Long before Space Shuttles were lifting off from the Kennedy Space Center, what is now the Cape
Canaveral Air Force Station was launching America's rockets. You don't hear too much about Cape Canaveral
Air Force Station today, other than the fact that it launches unmanned missions. You'll see
it on TV or in the news if the mission is popular (the Mars mission), if disaster strikes (the explosion of a Delta II rocket
in 1997), or if the mission is controversial (Cassini). Other than that, most of the general public doesn't get
to see Cape Canaveral Air Force Station unless they visit it (usually as a side trip
to Kennedy Space Center).
Some areas of Cape Canaveral Air Force Station can be seen on the Kennedy Space Center's
"Then and Now" bus tour. Other than that, the general public doesn't get to see
much of the facility. In 1996, I was given a tour by the director of the Air Force
Space & Missile Museum. He spent
all day escorting me to the various facilities at the Air Force Station, and patiently watched me burn off roll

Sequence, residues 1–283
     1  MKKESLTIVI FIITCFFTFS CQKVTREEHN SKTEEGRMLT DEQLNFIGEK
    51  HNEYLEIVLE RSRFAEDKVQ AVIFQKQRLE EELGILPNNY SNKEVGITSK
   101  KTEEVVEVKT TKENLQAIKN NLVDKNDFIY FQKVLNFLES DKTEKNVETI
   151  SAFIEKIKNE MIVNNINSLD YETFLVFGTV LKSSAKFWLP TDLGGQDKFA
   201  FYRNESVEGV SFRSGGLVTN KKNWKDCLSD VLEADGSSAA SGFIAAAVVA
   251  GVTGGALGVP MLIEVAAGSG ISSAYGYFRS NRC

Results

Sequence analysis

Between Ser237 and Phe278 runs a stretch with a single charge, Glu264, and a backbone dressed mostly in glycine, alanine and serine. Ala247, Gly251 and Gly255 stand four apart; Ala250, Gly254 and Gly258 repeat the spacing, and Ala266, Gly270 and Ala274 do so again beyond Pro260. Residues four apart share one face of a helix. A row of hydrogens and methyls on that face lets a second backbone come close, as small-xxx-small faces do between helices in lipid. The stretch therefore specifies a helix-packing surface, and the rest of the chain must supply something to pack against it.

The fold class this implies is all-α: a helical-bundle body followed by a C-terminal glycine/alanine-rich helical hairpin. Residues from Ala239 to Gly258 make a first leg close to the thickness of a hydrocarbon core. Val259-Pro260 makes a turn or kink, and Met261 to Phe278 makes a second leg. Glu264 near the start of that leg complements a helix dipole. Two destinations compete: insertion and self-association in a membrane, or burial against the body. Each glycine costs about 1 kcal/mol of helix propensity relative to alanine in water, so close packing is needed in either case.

after roll of film.
I set this site up to give a "guided tour" of the Cape Canaveral Air Force Station. I've included
more than 50 of the better pictures I had taken, and added over 30 from other
sources (including historical photos). In 2005, a Mission Flight Controller Officer named Steve Sanders contacted me
and offered to help me tell the story of the Cape. Since January of 2005, Steve
has generously provided hundreds of photos as well as an insider's view of the
Cape, and this website has nearly doubled in size. I hope you enjoy it!
For best results:|
to zoom in on photos. This tour will work best at resolutions of 800x600 or better.
The CCAFS Virtual Tour content and unattributed photos are Copyright ©1996-2008 by Rob
This is not an official Air Force or NASA site. Endorsement by Cape Canaveral Air
Force Station, the Air Force Space & Missile Museum, the United States Air Force, or NASA is neither expressed nor